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Human Energy Systems | Activity 4.4

Target Student Performance

Students use an online computer model to make quantitative predictions of how changes in photosynthesis, cellular respiration, and combustion fluxes will affect the long-term trend in the atmospheric CO2 pool.

Resources Provided

Recurring Resources

Setup

Prepare one copy of 4.4 Global Computer Model Reading and one copy of 4.4 Global Computer Model Worksheet for each student. Follow the link for the Global Computer Model short film to download it to your computer. Prepare a computer and projector for the film and 4.4 Global Computer Model PPT. You may want to prepare the poster papers around the room as described in step 4 of the directions.

Directions

1. Introduce the Activity.

Display Slide 2 of the 4.4 Global Computer Model PPT to show student where they are in the instructional sequence.

Assessment

This activity includes opportunities for both formative and summative assessment.

Tips

  • You might want to point in step 5 out that although the seasonal cycle is a naturally occurring phenomenon, the current overall trend in increases in CO2 and temperature cannot be explained using evidence of natural cycles. Students may point to specific natural cycles as evidence that climate change is not caused by humans, which might include sunspots, volcanic activity, El Niño, or changes in the Earth’s rotation around the Sun. While it is true that these natural phenomena do cause variations in shorter time periods (1-15 years or so), these variations do not contradict the evidence for the recent increase in CO2 levels and temperature, especially in the last 60 years. These increases have persisted over a longer time period than natural causes like sunspots and volcanoes can explain.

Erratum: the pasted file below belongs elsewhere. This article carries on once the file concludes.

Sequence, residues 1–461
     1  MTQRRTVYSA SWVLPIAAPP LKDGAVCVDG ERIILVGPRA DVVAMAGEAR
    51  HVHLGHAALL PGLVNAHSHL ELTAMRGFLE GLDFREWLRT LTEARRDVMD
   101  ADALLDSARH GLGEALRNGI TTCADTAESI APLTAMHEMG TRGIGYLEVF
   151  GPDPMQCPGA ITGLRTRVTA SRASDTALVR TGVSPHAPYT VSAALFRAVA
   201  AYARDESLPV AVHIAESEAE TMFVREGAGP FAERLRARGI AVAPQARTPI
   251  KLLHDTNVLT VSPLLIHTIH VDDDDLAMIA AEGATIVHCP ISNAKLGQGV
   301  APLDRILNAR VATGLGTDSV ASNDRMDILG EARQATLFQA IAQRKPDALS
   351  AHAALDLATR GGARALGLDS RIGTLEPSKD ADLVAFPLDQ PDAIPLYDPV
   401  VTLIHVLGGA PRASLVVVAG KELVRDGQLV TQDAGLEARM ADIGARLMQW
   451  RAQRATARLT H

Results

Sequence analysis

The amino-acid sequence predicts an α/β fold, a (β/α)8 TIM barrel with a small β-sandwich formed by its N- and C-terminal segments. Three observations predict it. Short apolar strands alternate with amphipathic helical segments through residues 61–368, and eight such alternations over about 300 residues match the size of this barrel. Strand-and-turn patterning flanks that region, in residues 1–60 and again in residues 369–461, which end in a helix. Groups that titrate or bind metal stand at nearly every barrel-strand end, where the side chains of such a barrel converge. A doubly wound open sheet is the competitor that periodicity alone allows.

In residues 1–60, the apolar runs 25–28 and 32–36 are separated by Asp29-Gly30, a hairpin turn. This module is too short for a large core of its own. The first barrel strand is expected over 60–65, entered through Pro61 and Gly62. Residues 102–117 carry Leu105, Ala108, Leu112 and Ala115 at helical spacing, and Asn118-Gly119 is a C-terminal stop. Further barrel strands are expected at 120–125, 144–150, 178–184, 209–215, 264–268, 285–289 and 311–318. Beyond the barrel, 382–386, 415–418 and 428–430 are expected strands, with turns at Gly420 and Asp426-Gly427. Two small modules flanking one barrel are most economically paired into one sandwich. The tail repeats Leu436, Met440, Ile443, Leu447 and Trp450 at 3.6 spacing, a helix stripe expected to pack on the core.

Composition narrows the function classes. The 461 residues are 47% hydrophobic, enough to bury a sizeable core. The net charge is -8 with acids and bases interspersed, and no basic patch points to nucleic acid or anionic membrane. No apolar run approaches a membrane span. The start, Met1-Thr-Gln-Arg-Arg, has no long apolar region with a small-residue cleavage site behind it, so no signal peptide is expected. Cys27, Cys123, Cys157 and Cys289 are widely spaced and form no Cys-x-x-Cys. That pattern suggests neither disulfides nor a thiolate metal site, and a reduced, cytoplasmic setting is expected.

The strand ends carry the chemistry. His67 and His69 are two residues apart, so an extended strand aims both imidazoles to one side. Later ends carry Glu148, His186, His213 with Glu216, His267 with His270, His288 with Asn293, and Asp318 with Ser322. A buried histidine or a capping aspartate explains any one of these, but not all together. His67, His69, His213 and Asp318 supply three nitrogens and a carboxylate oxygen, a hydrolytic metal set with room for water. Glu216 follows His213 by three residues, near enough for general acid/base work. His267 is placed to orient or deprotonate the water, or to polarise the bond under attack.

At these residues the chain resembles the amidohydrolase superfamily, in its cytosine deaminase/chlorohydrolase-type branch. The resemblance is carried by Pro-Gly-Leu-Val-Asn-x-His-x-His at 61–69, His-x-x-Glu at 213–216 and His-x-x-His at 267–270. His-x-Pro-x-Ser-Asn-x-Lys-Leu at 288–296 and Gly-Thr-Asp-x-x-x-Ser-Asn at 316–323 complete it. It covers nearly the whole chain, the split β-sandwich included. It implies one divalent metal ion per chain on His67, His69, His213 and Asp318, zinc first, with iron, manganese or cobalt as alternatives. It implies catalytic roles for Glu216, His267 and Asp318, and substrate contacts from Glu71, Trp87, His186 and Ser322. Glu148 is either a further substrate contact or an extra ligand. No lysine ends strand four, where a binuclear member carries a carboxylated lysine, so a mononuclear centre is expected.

• It won’t hurt to mention a few times that the fossil fuel pool has nothing to do with the seasonal flux!
Differentiation
  • Have students work in pairs, with each pair using one computer and one worksheet.
  • Identify locations in the room as the three carbon pools, then have students play the role of carbon atoms moving between the three pools.
  • Project the graphs onto a white board and demonstrate how to fill them in after each move.
Modifications
Extending the Learning